MONROVIA, Montserrado – Barely one week after a proposal calling for a reduction in the salaries and benefits of public officials was presented to the Liberian Senate, some senators have strongly rejected the proposal.
Gbarpolu senator and president pro tempore of the Liberian Senate, Armah Jallah, Grand Bassa’s Senator Nyonblee Karnga-Lawrence, and Bomi’s Senator Morris Saytumah proposed to their colleagues an immediate review of the benefits of public officials.
Jallah, Karnga-Lawrence, and Saytumah named the president, vice president, legislators, the chief justice and associate justices of the Supreme Court, ministers, deputy and assistant ministers, heads of public corporations, directors and commissioners as officials who should be affected by the reduction in salaries and benefits.
Although the proposal was generally welcomed by the public, Nimba’s Senator Prince Johnson and Margibi’s Senator Jim Tornonlah are among the lawmakers against the proposal.
Johnson angrily walked out of plenary Tuesday after he failed to stop discussions on the floor concerning the proposal.
Speaking to journalists after his walkout, Johnson – also the political leader of the Movement for Democratic and Reconstruction – argued that his salary will build Liberia amid the massive corruption in the government led by the Unity Party.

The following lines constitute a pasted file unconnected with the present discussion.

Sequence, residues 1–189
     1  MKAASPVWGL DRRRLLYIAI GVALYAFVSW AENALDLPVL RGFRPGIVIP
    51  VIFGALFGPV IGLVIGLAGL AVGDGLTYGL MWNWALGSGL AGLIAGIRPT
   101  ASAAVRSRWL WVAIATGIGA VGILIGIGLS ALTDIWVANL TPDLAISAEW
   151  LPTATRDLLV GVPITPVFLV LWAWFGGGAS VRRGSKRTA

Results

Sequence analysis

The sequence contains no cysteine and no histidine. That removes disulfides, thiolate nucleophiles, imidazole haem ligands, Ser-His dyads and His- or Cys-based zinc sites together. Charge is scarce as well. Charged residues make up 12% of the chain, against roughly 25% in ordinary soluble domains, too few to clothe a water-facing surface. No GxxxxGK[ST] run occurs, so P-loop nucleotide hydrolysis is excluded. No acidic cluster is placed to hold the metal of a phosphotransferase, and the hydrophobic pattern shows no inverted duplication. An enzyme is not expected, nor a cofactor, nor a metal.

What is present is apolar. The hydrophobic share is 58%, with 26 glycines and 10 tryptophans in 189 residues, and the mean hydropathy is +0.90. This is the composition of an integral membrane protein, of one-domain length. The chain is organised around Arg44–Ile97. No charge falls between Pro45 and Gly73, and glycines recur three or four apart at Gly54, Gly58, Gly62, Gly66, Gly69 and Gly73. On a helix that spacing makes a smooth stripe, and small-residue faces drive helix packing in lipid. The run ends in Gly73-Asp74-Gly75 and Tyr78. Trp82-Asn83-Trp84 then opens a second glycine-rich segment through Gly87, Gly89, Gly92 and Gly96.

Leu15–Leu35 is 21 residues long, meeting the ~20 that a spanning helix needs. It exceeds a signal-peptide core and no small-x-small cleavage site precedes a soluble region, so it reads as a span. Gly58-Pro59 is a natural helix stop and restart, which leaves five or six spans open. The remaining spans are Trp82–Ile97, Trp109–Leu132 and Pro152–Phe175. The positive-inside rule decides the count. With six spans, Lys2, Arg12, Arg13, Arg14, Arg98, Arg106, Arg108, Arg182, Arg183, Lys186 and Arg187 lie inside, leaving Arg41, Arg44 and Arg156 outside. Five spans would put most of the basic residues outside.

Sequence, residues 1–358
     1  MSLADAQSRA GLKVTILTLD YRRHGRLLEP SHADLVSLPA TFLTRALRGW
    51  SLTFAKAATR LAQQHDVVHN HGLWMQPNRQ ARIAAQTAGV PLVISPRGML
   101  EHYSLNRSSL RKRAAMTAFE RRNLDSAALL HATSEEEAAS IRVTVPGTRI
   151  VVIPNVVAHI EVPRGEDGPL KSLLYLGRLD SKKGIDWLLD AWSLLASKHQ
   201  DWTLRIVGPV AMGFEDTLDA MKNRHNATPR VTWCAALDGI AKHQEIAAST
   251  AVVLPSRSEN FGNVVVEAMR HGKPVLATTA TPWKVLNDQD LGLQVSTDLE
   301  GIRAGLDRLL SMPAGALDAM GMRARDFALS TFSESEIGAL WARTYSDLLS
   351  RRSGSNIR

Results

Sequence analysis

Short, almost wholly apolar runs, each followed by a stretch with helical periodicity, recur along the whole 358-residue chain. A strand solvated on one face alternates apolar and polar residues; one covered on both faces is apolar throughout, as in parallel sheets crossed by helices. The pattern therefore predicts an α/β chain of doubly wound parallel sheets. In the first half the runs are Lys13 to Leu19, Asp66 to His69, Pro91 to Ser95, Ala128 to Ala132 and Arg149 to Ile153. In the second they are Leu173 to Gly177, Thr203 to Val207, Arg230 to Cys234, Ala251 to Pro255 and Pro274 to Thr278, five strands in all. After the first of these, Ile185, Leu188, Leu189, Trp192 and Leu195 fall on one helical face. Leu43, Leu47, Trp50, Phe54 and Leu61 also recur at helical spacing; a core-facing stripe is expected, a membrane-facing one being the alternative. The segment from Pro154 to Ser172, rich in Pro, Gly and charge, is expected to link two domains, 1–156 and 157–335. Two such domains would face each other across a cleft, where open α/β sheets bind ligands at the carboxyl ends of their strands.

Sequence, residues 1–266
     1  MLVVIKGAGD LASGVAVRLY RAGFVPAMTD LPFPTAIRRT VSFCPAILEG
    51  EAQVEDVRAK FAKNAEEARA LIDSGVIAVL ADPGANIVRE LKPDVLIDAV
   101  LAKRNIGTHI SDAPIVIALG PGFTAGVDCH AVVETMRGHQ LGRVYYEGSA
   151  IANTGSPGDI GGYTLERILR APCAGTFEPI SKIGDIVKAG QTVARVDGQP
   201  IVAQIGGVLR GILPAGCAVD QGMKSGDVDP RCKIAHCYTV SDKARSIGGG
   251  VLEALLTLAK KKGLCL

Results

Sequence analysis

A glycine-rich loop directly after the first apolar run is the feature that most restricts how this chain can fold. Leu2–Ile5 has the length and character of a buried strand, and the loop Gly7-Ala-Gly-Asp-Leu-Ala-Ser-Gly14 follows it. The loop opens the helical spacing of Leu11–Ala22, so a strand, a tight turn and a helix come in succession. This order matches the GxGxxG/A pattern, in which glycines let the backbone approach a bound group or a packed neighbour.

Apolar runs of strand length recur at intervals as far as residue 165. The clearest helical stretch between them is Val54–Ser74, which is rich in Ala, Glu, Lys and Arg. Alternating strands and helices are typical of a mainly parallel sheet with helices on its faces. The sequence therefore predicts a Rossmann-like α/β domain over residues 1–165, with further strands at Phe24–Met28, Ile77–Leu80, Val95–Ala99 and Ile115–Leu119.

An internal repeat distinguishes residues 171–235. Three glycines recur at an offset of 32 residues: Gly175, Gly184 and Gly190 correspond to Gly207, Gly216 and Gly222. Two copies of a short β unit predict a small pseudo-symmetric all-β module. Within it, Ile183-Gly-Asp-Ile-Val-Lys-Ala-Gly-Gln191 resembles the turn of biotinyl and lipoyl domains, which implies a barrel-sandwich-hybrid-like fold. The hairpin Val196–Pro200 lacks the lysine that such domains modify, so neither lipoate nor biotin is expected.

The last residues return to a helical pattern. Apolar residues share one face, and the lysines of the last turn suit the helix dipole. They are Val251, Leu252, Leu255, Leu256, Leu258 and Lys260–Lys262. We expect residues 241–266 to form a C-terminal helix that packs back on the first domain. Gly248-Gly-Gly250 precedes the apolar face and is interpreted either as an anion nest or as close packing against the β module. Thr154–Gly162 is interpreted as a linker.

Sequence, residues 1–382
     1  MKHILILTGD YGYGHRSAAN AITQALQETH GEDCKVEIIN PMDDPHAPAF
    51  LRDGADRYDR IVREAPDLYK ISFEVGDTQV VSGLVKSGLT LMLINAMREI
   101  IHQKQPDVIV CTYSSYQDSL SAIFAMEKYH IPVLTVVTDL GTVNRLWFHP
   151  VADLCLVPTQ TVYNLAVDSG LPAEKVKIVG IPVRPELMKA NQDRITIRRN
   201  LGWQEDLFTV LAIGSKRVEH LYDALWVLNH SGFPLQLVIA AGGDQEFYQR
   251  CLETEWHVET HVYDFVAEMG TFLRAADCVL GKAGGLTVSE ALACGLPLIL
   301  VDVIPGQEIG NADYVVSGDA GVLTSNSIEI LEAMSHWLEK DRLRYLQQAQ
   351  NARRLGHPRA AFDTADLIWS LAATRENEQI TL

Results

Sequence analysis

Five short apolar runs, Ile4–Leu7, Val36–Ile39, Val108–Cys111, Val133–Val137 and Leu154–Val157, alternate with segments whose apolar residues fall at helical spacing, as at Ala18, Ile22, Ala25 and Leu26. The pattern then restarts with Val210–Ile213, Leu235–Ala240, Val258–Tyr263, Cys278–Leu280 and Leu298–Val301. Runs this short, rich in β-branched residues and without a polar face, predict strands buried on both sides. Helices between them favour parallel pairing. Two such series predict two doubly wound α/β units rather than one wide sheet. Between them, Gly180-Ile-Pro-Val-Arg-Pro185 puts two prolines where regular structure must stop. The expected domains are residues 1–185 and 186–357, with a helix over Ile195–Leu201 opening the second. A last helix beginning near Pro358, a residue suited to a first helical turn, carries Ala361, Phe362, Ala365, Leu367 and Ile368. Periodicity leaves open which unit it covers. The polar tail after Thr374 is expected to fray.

He suggested that President Ellen Johnson Sirleaf must first make available the US$13 million that allegedly went missing at the National Oil Company of Liberia.
Johnson added that he has sacrificed too much for the country to hear any more of these discussions.
For his part, Tornonlah said a cut in the benefits of lawmakers would not be possible, noting that he needs the allowance to properly lead.
“For me in Margibi, I need the allowance to carry to my people,” Tornonlah said.
He said while he is welcoming to the drafters of the proposal, the contents of the documents go too far.
However, another Nimba lawmaker, Rep. Larry Younquoi, has pledged to support the proposal.
He said anything in the interest of the country and the people he represents would meet his approval.
The Senate’s Communications Director Jalawa Tompoe encouraged the public to wait a week for the senators’ decision.
Investigations reveal that Liberian lawmakers are among the highest paid around the world. A Liberian representative makes US$210,000 annually from a budget of US$600 million, as compared to a member of the United States Congress who earns US$174,000 from a national budget of over US$4.2 trillion.
Liberian senators and representatives are increasingly viewed as corrupt and concerned only with their own interests. This has led many individuals and groups to call for replacing all lawmakers in the upcoming elections. In 2014, such frustration towards lawmakers resulted in only two out of the 15 incumbent senators being reelected during the special senatorial election.
Featured photo by David Stanley